The paltry funding of a post-pandemic catch-up strategy needs upping by a factor of at least 10
Viewers of breakfast television may have experienced a disturbing sense of deja vu on Wednesday. Outside, glorious sunshine heralded another perfect summer’s day; on screen, the education secretary, Gavin Williamson, was defending a Covid schools announcement that had been greeted with immediate and almost universal criticism. It all felt very “summer of 2020”, when the exam-marking fiasco cast a shadow of ministerial incompetence over the end of the academic year.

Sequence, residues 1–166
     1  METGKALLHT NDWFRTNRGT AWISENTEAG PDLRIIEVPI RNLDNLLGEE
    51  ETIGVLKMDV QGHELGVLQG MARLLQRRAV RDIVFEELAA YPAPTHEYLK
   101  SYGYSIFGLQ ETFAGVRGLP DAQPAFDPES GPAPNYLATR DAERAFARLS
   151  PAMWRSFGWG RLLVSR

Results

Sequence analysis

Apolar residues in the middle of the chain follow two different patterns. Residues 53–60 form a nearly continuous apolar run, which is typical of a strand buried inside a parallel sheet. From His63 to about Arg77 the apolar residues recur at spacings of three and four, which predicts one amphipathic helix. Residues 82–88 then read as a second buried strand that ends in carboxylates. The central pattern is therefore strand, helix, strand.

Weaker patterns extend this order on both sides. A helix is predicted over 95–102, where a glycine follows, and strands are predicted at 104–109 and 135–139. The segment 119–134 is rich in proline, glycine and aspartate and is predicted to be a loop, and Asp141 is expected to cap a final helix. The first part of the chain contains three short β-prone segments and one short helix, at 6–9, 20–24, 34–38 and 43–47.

Sadly, the government’s post-pandemic catch-up plans for pupils are very much a disaster of the present moment. Mr Williamson has unveiled a new £1.4bn programme to help English children regain lost ground, after 15 months of severe educational disruption and psychological strain. The money, mainly targeted at limited extra tutoring and teacher training, is about a tenth of the amount called for by Sir Kevan Collins, the government’s now-ex education recovery commissioner. The Education Policy Institute estimates that pandemic-related spending on English pupils adds up to £310 a head. That compares to equivalent figures of £1,600 in the US and £2,500 in the Netherlands. Having said, with heavy understatement, “more will be needed to meet the challenge”, Sir Kevan decided enough was enough and quit his post. It is not hard to see why.
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